Writing a Cause and Effect Essay
Effective cause-and-effect essays can also be used to dismiss assumptions. This strategy is utilized when you want to correct common beliefs about the causes and/or effects of an event. In Etienne Krug’s essay “Injury Surveillance is Key to Preventing Injuries,” the author discusses the high rate of injuries worldwide. By examining key data and the causes of these injuries, Krug dismisses a commonly held belief about these types of injuries:
- “The lack of data on the size of the injury problem and on prevention has contributed to the traditional view of injuries as ‘accidents,’ suggesting that they are random unavoidable events and has resulted in their historical neglect, both as a subject of research and as a preventable outcome.”
You can not only work to create causal chains and dismiss commonly held assumptions in cause and effect analysis, but you can also ask questions such as “Why?” and “Then what?” to make sure you are including all the relevant details.
As you craft your essay, you need to be aware of common errors in logic and work to avoid them. One of the most common errors in cause and effect essays is an oversimplification of the cause-and-effect relationship. As you learned earlier in the lesson, most events have multiple causes and effects, and neglecting to discuss a key factor in the event will seriously weaken your analysis.
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The Capital Community College Foundation website has an excellent discussion of the second error in logic, which is post hoc, ergo proper hoc, or “after this, therefore because of this.” Basically, if writers commit this error in logic, they are taking for granted that one event then caused a later event. When thinking about the organization of your cause-and-effect analysis, first make sure that you have a strong thesis statement in the introductory paragraph. The Capital Community College Foundation website has a sample of a cause-and-effect essay on the website and is worth taking a look at. At the end of the introduction, the student clearly states the thesis:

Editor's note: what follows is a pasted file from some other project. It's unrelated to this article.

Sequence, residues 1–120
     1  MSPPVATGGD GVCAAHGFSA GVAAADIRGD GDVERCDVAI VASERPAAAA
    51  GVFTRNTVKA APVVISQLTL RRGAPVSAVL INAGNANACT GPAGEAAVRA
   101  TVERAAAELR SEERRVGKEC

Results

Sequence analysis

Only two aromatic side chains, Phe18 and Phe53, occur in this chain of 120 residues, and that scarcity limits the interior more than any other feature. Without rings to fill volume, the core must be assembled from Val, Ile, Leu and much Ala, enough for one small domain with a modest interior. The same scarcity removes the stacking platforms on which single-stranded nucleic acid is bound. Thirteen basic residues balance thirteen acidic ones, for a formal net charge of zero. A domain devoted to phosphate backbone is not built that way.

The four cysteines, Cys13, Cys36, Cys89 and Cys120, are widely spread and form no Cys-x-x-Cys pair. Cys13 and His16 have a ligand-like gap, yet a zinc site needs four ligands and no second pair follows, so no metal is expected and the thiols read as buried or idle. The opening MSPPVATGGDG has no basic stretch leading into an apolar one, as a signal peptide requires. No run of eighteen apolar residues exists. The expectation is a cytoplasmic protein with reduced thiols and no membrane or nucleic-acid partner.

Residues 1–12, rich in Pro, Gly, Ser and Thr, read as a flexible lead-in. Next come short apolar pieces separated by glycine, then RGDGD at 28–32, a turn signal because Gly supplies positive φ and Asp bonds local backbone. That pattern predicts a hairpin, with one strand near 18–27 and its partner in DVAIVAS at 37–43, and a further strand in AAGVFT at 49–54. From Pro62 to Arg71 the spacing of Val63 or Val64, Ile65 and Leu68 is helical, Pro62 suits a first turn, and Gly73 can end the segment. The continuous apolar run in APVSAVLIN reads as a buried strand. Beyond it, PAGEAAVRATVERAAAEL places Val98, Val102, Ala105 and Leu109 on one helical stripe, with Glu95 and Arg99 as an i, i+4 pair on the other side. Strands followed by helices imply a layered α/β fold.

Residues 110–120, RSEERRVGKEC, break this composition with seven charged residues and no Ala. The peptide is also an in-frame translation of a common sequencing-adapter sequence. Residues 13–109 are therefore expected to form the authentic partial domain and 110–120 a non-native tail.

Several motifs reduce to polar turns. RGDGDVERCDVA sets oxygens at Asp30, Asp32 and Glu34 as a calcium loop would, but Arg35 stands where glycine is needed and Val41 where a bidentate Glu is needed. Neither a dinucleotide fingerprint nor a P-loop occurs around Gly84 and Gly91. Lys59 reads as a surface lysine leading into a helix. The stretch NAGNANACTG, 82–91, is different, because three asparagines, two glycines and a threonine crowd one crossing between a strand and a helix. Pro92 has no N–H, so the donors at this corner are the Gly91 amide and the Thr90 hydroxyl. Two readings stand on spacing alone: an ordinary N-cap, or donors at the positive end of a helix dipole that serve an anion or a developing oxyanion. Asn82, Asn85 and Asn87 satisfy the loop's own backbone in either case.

- “But although soccer has become an important sport in the American sports scene, it will never make inroads into the hearts and markets of American sports the way that football, basketball, hockey, baseball, and even tennis and golf have done. There are many reasons for this.” Find more useful information on our blog: http://essaywritingservices.org/blog/cause-and-effect-essay-outline.html.
The reader now knows that the student’s essay will explore the causes of why soccer is not as popular in the U.S. Do you know how to outline cause/effect essays?
Once you craft your thesis, use strong topic sentences to unite your argument. For instance, the student’s essay in the previous example uses the following topic sentences:
- “Second, Americans love their violence, and soccer doesn't deliver on this score the way that American football and hockey do.”
- “Third, it is just too difficult to score in soccer. “
By using clear transitions and specific topic sentences, the student is easily able to maintain unity and coherence throughout the essay. Our custom essay writing service can always help you with application essay writing if you start your academic life or with your thesis writing if are graduating.